“Do you want to take first watch?” Chris asked. Honestly, I was getting tired, but the wind was just starting to fill in, and I wanted to wait until the engine was off to sleep. Maybe I should have listened, though, because when Chris went forward to lower the mainsail to keep it from blanketing our headsail, he underestimated his strength and ripped a 4-foot hole directly through the leech—which was already needing mending since we had snapped the leech line a couple days before.
More salty language ensued. With the sail lowered safely into the stack pack, he assessed the damage. He could patch it with sail tape for the time being. One thing was for certain: A new sail and some repairs were in our future.
Through the Golden Gate
My watch began at midnight with Chris noting a cruise ship in the distance. I hoped the city-like glow on the ocean would remain just that—a distant glow. Being a walking testament for Murphy’s Law, I instantly felt rain starting again as soon as I took my place in the cockpit. My ability to see was contained to a single beam of light aimlessly pointed at the sea as I attempted to keep a lookout for crab pots camouflaged in the darkness.
Eventually, a sliver of moon peeked its shy head over the pitch-black horizon, casting a faint light. The ocean was eerily still, and the soft southerly breeze seduced me into a false sense of security. Just as the fog began to lift a bit, the sky went white with lightning. It was 3:00 a.m., and I was doing my best to count the seconds after the strike, waiting to hear the thunder that never came.
“It must be far away,” I said to Cleo, petting her head as her yellow eyes stared back at me. It was the first strike of many as time pressed on, keeping me on my toes for the rest of my watch.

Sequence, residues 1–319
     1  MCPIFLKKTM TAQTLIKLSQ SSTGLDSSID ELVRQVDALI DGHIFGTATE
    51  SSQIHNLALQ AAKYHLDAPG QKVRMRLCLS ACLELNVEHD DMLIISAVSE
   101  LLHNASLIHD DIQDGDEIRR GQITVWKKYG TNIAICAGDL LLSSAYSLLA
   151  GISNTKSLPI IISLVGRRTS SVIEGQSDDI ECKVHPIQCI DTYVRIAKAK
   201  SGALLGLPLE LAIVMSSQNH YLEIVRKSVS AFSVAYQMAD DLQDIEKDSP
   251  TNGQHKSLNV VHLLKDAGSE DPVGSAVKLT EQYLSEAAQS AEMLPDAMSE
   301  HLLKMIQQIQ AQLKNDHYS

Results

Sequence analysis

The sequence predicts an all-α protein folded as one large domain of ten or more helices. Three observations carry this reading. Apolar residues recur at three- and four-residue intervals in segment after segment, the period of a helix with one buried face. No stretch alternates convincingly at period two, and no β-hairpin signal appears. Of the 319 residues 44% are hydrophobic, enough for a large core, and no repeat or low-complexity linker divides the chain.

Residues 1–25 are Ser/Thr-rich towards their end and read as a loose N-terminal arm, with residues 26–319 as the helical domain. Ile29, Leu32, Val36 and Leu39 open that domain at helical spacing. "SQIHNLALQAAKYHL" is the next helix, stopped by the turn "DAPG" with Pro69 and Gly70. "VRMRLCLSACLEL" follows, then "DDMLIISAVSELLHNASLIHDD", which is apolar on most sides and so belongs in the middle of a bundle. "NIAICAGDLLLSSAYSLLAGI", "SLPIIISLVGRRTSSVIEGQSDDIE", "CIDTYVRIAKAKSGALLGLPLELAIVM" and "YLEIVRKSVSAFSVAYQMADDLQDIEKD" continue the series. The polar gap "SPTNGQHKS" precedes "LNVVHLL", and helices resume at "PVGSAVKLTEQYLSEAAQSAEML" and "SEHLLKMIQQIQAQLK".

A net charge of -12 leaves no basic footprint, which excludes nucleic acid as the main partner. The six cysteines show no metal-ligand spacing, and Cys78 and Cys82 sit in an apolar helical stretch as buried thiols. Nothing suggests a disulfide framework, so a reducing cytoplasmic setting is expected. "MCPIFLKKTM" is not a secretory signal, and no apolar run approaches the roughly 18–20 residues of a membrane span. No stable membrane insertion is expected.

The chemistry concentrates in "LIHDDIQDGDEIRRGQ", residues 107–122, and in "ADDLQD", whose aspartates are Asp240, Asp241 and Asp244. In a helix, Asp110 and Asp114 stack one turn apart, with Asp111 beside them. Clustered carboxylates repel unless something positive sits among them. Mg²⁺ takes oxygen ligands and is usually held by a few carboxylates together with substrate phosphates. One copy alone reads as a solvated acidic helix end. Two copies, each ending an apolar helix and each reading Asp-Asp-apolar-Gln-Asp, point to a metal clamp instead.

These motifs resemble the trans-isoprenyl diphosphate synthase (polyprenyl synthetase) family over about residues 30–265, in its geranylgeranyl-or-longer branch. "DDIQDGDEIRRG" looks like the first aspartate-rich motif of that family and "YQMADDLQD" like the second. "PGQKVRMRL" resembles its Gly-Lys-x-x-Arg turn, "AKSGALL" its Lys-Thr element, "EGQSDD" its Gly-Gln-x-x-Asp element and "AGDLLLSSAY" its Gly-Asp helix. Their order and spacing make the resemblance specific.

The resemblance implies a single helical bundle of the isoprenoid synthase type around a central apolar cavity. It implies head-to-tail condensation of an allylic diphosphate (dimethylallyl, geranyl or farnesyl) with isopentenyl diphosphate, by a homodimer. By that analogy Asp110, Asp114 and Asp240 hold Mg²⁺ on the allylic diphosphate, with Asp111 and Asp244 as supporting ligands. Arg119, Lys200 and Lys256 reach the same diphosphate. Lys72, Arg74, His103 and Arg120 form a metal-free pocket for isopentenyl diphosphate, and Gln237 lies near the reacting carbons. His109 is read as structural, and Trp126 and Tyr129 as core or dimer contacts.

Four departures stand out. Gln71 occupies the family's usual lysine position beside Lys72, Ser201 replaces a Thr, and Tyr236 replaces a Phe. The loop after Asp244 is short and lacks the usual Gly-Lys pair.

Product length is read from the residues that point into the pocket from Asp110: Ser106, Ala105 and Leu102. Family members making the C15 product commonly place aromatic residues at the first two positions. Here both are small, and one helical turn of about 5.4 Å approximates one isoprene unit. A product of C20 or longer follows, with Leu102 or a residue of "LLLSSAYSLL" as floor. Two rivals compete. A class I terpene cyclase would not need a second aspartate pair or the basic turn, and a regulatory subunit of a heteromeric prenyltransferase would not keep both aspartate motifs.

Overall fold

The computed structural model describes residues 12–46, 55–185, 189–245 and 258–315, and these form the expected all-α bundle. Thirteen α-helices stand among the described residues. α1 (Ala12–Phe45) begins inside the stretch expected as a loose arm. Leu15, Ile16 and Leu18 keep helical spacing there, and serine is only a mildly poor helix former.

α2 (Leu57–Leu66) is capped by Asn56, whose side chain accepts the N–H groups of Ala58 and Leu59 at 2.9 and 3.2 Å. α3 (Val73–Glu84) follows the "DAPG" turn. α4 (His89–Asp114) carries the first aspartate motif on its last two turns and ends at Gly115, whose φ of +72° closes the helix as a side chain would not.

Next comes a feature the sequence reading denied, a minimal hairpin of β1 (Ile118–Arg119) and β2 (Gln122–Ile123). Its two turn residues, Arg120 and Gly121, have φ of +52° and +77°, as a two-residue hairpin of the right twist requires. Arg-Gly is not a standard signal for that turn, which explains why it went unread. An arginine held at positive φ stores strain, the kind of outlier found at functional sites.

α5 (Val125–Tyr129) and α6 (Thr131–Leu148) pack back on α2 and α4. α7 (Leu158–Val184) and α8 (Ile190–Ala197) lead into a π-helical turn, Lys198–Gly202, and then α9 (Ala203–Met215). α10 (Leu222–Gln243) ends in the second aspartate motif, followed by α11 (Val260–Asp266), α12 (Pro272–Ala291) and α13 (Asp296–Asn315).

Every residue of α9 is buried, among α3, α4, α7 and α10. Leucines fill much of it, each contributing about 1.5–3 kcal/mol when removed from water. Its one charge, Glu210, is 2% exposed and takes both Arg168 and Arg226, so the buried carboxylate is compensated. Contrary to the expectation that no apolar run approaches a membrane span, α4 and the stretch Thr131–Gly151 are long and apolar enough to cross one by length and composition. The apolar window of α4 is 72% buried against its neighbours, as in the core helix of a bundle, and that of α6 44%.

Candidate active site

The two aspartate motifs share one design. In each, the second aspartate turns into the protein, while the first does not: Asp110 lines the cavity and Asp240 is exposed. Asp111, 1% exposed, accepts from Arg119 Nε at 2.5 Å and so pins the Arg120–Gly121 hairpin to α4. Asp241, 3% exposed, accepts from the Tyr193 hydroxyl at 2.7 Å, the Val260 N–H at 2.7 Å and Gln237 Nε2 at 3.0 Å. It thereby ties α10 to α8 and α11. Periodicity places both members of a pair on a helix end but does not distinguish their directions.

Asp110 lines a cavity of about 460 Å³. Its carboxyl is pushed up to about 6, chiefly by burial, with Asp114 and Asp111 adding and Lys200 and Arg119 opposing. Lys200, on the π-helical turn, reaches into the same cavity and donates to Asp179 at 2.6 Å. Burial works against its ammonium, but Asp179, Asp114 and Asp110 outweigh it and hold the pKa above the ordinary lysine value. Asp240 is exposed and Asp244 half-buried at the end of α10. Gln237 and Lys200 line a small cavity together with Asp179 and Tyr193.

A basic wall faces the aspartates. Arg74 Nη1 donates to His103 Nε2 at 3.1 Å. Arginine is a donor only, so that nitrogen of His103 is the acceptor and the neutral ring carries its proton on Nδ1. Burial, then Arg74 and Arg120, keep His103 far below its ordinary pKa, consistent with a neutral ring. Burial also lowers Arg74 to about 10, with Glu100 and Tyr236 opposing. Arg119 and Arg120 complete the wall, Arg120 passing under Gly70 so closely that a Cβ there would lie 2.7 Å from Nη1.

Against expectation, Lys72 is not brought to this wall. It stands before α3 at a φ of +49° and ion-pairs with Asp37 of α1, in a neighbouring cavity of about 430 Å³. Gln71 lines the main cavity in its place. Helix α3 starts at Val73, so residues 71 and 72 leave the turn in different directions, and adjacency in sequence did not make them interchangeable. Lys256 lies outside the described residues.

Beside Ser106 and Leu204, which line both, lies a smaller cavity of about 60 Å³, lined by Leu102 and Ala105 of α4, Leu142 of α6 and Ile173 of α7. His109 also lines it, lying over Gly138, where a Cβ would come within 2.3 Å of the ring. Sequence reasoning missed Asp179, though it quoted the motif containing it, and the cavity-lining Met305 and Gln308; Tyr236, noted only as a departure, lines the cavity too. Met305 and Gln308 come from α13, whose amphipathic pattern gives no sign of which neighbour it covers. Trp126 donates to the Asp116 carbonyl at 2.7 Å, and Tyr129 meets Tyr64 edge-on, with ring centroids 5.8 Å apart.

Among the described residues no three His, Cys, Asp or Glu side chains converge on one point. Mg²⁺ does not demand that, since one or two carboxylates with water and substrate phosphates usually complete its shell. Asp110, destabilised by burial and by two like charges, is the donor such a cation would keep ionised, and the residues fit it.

Chris’ Log: Cold. Wet. Boring.
At 9 the next morning, something new and strange: sunshine forcing my eyes to open. I popped my head out of the companionway to see Chris in a damp but sunny cockpit smiling ear to ear.
“You can see the gate!” he said.
Sun? In San Francisco? We weren’t complaining one bit but were pleasantly surprised by the lack of fog that is such a part of the Bay area culture that the locals have given it a name, Karl. We were still motoring due to the lack of wind, but as we neared the bridge I could see sailboats tacking back and forth in the Bay.
“This is really happening,” I said. Sailing under the Golden Gate wing-on-wing was like sprinting through the finish line of a marathon, and we made our way beneath it as the city’s urban symphony filled our ears. By 5 p.m., the hook was down. The long, slow hum of the Bay’s foghorn closed the logbook on a passage that may have been the wrong way but had turned out to be more than all right.
Marissa Neely lives aboard her Cheoy Lee 41 with her partner, Chris, and cat, Cleo. Catch their adventures at svavocet.com.